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Four Dead, 133 Hurt in Derailment of Amtrak Auto Train in Northern Florida

Apr 19, 2002 | AP

U.S. rail officials worked through twisted rails, overturned cars and crushed trees Friday, trying to learn what caused a derailment that killed four people and injured 133 others.

Fourteen of the 16 passenger cars on the Amtrak Auto Train — a favorite among tourists traveling between Washington and Orlando's theme parks — went off the tracks in Thursday's accident.

As National Transportation Safety Board investigators did their work, a heavy switching engine began the arduous process of clearing the busy track by moving about a half dozen upright train cars away from the wreckage.

The death toll had been reported at six Thursday, but was revised downward Friday by investigators and medical officials, Lt. Bill Leeper of the Florida Highway Patrol.

It could not be immediately determined why the train derailed, officials said. The track had been inspected hours before the crash and had been in good condition.

"Apparently the engineer went into an emergency braking mode — we don't know why," said highway patrol spokesman Chuck Williams.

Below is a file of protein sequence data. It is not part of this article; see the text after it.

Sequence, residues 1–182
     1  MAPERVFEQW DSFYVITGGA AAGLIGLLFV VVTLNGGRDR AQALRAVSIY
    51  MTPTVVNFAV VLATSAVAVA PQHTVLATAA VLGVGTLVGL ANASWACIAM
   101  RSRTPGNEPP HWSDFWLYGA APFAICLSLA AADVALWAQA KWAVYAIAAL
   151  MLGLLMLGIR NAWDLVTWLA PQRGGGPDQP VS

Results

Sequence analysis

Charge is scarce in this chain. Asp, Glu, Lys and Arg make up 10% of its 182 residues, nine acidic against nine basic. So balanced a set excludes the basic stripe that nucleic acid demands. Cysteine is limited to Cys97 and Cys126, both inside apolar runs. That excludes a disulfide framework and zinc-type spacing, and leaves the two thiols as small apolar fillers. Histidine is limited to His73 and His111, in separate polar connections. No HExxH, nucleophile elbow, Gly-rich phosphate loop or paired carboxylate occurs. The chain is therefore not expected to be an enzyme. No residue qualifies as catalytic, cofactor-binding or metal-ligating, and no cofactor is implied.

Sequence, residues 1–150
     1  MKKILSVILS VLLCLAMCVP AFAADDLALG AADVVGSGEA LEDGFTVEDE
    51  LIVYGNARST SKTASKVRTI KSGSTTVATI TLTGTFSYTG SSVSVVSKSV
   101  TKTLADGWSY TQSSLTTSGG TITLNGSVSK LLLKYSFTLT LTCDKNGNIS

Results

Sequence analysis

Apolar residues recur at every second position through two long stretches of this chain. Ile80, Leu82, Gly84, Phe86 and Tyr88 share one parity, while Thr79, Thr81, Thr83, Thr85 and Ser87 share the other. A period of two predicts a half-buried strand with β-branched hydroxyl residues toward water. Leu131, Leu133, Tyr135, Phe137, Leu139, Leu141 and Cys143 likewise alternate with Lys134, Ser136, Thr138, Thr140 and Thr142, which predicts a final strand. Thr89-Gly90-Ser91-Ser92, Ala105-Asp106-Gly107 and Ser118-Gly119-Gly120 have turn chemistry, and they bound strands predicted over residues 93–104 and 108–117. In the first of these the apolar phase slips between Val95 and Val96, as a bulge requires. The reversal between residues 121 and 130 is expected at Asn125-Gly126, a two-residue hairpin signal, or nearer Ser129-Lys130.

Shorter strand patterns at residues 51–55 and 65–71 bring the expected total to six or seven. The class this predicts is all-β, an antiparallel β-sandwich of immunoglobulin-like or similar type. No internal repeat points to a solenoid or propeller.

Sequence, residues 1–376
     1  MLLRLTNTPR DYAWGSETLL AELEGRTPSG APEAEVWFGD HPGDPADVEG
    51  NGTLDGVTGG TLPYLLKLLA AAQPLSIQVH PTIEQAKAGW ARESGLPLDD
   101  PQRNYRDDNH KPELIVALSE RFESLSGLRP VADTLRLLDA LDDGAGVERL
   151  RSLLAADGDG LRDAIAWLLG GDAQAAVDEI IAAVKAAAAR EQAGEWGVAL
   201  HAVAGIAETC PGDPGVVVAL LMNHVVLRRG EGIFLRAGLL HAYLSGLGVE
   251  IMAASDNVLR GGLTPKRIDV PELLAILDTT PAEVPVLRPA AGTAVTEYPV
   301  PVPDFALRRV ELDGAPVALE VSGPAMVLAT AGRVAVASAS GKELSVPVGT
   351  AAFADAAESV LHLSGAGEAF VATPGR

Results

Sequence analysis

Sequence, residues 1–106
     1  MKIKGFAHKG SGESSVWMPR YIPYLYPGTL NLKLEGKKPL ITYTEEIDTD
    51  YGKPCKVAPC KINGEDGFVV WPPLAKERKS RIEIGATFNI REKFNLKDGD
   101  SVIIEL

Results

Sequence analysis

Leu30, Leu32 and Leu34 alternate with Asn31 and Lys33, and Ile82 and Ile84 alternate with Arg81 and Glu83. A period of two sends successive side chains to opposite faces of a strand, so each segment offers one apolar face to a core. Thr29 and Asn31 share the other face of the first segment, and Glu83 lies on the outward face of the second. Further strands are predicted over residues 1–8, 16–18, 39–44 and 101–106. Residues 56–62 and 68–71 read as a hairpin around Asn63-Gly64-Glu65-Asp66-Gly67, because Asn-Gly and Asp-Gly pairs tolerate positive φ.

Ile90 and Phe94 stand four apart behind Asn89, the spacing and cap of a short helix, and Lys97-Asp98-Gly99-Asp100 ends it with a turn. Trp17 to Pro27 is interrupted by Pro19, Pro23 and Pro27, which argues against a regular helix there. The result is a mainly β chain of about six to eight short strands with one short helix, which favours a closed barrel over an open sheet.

Amtrak said the train, which carries passengers as well as their autos between Sanford, Florida, and Lorton, Virginia, was carrying 440 passengers and 28 crew members. The train left Sanford after 4 p.m. and derailed about an hour later 60 miles ( 100 kilometers) north of Orlando.

Leeper said he didn't know how many people were seriously hurt. At least one person was in critical condition with potentially life-threatening injuries, while nine others were in serious condition, hospital officials said.

James Pierce had just settled into his sleeper car for a 16 1/2-hour train trip to Washington when the train screeched off the rails and slammed into pine trees lining the tracks.

"It felt like it was sliding to the left and suddenly it just toppled," said Pierce, an Amtrak attendant from Huntingtown, Maryland.

Pierce said he grabbed the sleeper car's curtains when the train left the track, and within seconds he found himself hanging in the air. After the train came to a stop, Pierce said he removed the emergency window and began pulling people out of the cabin.

Rescue officials, using ladders to reach the overturned cars, helped survivors out of the train and reached through the windows to get to those still trapped inside.

The derailment was the first Auto Train accident since 1998, when a train hit an empty car on tracks at a crossing in the southern Virginia town of Jarratt. The front wheels of the lead engine derailed, but it remained upright. There were no injuries.

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